Kansas Uses Syndromic Surveillance Data to Educate the Public and Providers about Rabies

Infectious Disease

medications with rabies literature

Rabies, a virus spread to people by infected animals, is nearly 100% fatal once symptoms appear. Officials in Kansas noticed an increase in calls and emails to the health department about rabies and turned to syndromic data to get a clearer picture of the issue. Syndromic surveillance records data when a person visits the emergency department for possible rabies exposure. Examining the data showed an increase in people seeking care for bat exposure.

Rabies is treated using post-exposure prophylaxis (PEP). For healthcare providers, deciding to give a patient PEP is complex, as it is a limited and costly resource. With the increase in cases, health officials implemented educational awareness campaigns for Lawrence-Douglas County area residents about bat exposure and for healthcare providers about when to pursue rabies PEP and who to contact for help.

These campaigns proved successful in directing both concerned residents and healthcare providers to the local health department to help guide decision making about when to administer PEP. Funding from the National Syndromic Surveillance Program supports the use of syndromic surveillance in improving the nation’s public health.

Full Story

Public Health Problem

Rabies is caused by a virus spread to people from the saliva and neural tissue of infected animals. The most common mode of transmission is through the bite of a rabid animal; however, rabies can be transmitted through non-bite exposures (e.g., transplant of organs or tissue, contamination of mucous membranes with saliva or neural tissue from an infected animal). Rabies has been recognized throughout history due to its neurotropic nature and because it is nearly 100% fatal following symptom onset. In humans exposed to rabies, infection can be prevented by immediately washing the wound and proper post-exposure prophylaxis (PEP) treatment: rabies immunoglobulin (IG) and rabies vaccine.

In Kansas, suspected or confirmed rabies in humans and confirmed rabies in animals are reportable. However, the administration of rabies PEP is not a reportable condition. For example, if a person is exposed to a bat and visits the emergency department (ED) for rabies PEP—but the bat was never tested for rabies—most likely, this would not be reported to local or state public health. Rabies PEP is administered at hospital EDs as rabies IG, and it is only available at these facilities for most counties in Kansas, including Douglas County.*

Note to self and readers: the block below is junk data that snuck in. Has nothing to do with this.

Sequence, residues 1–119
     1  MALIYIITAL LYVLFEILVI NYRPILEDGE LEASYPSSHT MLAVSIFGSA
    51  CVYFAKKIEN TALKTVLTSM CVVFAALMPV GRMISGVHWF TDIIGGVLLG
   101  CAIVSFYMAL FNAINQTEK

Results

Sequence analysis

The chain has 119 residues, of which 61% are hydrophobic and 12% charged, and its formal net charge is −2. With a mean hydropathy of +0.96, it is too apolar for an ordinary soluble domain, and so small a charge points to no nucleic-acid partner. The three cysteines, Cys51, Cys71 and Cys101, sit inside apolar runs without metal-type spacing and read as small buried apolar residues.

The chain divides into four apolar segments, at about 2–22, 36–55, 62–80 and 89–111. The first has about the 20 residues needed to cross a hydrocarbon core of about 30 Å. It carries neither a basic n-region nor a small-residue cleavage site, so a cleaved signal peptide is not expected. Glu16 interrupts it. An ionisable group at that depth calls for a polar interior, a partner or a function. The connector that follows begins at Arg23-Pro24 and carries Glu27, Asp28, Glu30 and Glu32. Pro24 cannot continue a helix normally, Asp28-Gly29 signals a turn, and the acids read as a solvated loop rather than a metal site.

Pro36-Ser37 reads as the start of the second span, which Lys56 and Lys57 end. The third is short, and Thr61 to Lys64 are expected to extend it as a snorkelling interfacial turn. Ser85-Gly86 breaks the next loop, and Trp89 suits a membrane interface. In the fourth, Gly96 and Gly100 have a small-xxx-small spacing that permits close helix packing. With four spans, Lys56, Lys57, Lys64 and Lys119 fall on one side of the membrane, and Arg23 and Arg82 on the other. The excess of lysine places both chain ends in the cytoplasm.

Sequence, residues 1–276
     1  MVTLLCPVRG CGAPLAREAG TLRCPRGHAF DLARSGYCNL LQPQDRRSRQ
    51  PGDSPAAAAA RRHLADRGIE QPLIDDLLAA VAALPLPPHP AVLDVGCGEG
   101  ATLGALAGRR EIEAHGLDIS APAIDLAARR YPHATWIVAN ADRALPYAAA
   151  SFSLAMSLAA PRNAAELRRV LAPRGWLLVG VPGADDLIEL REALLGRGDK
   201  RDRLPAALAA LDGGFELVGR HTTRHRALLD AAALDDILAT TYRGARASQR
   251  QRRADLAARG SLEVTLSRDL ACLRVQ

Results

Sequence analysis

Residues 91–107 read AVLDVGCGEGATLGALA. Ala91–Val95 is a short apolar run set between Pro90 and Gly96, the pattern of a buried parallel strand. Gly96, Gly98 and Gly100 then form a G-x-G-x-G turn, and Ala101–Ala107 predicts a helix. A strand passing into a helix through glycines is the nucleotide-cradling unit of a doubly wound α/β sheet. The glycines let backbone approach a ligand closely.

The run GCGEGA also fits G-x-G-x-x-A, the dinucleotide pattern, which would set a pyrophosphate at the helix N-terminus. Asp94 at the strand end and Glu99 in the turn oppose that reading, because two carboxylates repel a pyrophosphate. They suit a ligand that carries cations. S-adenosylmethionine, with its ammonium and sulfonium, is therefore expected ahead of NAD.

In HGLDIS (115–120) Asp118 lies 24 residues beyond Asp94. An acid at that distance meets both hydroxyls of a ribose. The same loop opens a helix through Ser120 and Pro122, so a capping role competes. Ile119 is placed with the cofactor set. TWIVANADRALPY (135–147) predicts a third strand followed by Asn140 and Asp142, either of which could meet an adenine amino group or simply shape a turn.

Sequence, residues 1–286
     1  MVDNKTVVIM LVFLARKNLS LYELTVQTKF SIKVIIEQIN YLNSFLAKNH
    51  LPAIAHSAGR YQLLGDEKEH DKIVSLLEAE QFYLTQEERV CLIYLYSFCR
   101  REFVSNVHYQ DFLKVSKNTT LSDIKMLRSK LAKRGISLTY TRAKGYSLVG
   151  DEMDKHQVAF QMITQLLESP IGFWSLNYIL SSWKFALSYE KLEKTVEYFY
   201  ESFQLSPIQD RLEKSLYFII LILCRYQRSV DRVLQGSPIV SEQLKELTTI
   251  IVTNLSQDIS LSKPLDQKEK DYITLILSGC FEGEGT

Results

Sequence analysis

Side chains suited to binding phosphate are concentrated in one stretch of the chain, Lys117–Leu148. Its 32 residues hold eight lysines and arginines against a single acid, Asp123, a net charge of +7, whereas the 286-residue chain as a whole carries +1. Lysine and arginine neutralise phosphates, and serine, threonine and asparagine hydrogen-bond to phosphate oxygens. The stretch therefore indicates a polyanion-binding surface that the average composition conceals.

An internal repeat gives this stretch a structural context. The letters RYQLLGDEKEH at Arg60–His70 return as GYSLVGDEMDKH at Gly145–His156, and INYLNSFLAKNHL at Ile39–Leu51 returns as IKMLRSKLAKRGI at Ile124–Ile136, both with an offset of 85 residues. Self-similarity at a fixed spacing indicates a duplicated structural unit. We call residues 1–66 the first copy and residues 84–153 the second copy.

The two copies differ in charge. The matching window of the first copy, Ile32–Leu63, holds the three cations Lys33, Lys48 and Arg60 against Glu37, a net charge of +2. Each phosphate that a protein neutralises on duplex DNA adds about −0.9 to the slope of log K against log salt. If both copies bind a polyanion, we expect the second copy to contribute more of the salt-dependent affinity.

Actions Taken

Rabies bat

When exposure occurs, the likelihood of rabies infection varies with the nature and extent of exposure. Under most circumstances, two categories of exposure (bite and nonbite) should be considered.1 Staff at the Kansas Dept. of Health and Environment will assess the type of animal responsible for the exposure. Bats are increasingly being implicated, with transmission occurring from what looks like a minor bite.2

1 CDC. Rabies. What type of exposure occurred? [online]. 2011. [cited 2018 Aug 1]. Available from: https://www.cdc.gov/rabies/exposure/type.html

2 KDHE. Rabies Investigation Guideline [online]. 2017. [cited 2018 Apr 5]. Available from: http://www.kdheks.gov/epi/Investigation_Guidelines/Rabies_Disease_Investigation_Guideline.pdf

Administration of rabies PEP is an essential aspect of rabies surveillance and important to the Lawrence-Douglas County Health Department (LDCHD). Knowing how many people get rabies PEP provides an indication of the public’s level of concern about rabies and potentially rabid animals in the community. Because rabies IG is administered only at the ED in Douglas County, the ESSENCE** system, which pulls chief complaint and diagnosis code data from EDs, makes an ideal tracking mechanism for rabies PEP. LDCHD used queries and dashboards developed by the Kansas Department of Health and Environment Kansas Syndromic Surveillance Program to begin tracking the administration of rabies IG on July 7, 2017.

In August 2017, the LDCHD’s communicable disease staff noticed an increase in calls and emails to the health department about rabies—specifically, exposure to bats. LDCHD staff document disease investigations, animal complaints, and food complaints in an Access database, allowing for activity comparisons by month and year. The number of rabies-related calls and emails appeared higher than previous months and years, so LDCHD communicable disease staff considered whether to implement public health outreach, education, or other campaigns. By using rabies queries in ESSENCE, LDCHD found more persons receiving rabies PEP than anticipated. Further, by assessing the chief complaint, the local health department realized most complaints involved bat exposures. For example, in July 2017, one person sought care at the ED for bat exposure, but in August 2017, five people sought care for a bat exposure. In addition, the LDCHD communicable disease staff compared the number of people who sought care for a bat exposure at the ED in August 2017 (5 people) to the number of people who sought care for a bat exposure in August 2016 (2 people), which showed an increase between the two years.